LAWRENCEVILLE - Although he said he didn't want any recognition, Sheriff Butch Conway was credited Wednesday for being the inspiration behind a new reward offered by the state's Sheriffs' Association.
Georgia Sheriffs' Association Inc. Executive Vice President and COO Terry Norris announced Wednesday at an event at the new Gwinnett County Animal Welfare and Enforcement Center that the association would be offering a reward of up to $2,500 for information leading to the arrest and conviction of anyone involved in dogfighting.
"We hope this reward fund will generate information to make an arrest in some of these cases," Norris said. "We hope to push this dogfighting issue out of the state."
Norris and Sheriffs' Association Region 2 Vice President and DeKalb County Sheriff Thomas Brown said Conway's passion to stop dogfighting spurred their efforts.
"Money has always been a motivator to get someone to do the right thing," Brown said. "And this is a way for people to do so anonymously."
Conway announced a similar effort in July, offering a $10,000 reward from his own pocket for information leading to the arrest and conviction of anyone involved in dogfighting in the county.
"This is a statement that law enforcement will not accept dogfighting," Conway said. He said his department has followed several dogfighting leads into other counties, but no arrests have been made.
Laura Bevan, southeast regional director for The Humane Society of the United States, said she's proud of Georgia sheriffs' efforts to stop dogfighting.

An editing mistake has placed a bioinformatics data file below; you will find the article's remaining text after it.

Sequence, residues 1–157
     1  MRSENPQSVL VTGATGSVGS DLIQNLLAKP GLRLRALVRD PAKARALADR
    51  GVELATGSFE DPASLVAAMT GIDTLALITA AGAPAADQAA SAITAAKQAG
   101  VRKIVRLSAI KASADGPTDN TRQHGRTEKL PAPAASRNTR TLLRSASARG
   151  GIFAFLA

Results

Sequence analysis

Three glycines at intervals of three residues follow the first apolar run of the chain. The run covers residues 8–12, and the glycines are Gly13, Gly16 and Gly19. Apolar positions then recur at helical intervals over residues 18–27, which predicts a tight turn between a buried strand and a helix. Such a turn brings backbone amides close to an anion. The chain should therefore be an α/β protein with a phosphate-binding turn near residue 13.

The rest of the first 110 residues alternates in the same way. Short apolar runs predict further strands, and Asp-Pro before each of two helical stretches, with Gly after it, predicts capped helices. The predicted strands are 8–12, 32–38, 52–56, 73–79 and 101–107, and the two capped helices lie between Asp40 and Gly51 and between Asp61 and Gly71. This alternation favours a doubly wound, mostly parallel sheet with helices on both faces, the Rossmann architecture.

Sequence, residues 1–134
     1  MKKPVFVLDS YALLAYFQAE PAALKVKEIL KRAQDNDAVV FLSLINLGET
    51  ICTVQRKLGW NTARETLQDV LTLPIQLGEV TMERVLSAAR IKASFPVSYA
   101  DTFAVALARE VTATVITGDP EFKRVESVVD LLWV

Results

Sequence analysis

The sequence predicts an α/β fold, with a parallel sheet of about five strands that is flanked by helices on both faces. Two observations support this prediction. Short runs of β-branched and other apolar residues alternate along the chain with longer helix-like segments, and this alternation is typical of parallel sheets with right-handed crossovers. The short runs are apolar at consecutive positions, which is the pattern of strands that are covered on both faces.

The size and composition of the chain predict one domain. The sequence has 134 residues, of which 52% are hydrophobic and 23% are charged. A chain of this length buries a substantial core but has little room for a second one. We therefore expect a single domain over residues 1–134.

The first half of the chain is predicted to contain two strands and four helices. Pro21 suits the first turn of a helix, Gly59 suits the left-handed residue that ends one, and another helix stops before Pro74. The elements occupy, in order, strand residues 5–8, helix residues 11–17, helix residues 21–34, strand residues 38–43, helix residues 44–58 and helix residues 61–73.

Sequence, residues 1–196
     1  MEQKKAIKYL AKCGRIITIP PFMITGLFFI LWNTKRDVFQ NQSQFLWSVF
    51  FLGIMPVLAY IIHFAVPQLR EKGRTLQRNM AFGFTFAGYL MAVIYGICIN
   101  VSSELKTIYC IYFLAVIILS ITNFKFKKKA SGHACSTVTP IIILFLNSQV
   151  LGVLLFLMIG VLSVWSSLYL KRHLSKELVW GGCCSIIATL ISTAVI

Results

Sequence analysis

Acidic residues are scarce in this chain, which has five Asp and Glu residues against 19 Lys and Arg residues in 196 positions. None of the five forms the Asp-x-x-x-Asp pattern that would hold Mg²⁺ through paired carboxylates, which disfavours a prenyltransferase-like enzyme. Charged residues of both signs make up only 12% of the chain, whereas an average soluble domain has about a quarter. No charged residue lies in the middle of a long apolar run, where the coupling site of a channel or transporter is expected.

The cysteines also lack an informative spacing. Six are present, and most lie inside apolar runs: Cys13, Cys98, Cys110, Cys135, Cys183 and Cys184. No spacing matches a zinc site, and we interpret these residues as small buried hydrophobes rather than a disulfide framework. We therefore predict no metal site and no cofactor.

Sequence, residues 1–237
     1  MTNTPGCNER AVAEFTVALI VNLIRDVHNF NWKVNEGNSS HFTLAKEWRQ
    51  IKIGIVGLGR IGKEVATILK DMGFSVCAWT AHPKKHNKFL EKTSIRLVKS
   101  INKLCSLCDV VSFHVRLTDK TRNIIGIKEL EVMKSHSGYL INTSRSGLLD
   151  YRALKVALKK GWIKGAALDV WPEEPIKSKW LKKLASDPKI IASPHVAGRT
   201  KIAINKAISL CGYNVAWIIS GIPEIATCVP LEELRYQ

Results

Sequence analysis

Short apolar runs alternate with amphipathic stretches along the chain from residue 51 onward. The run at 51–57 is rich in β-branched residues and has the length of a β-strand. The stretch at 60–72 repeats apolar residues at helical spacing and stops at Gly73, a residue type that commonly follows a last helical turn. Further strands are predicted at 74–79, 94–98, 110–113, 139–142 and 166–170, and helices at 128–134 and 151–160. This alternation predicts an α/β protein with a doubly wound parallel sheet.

"This is an excellent idea. We offer a $5,000 reward similar to this," Bevan said. "This is the first reward in the country that I've been able to find of a statewide law enforcement effort like this."
Bevan mentioned a dogfighting bill is up for approval by the General Assembly that she supports.
Sen. Chip Rogers, R-Woodstock, is behind the dogfighting bill and attended the ceremony Wednesday. Rogers said his bill passed the Georgia Senate by a 54-0 vote.
"A 3-year-old boy in my district was attacked by a pit bull and had to have eight surgeries. He'll never look the same," Rogers said. "That really had a big impact on me. I realized this wasn't just a breed specific problem, and I also realized how bad Georgia's laws are about dogfighting and about three years ago I created this bill."
If the bill passes, the new laws would make it easier to prosecute dogfighters.
Rogers and Norris said the sheriffs' reward is just a start to ending dogfighting.
Norris said he hopes the sheriffs' efforts will lead others to become active in stopping the dogfighting.
Norris said the chance for people to be eligible for the award began Wednesday and will continue until the end of 2008.
"It very well could (be extended) depending on the effectiveness of this," Norris said.
Lt. Gov. Casey Cagle was also present and offered his support to the Sheriffs' Association's efforts.
"I commend the Sheriff's Department here in Gwinnett County and the Sheriffs' Association for their support against animal cruelty."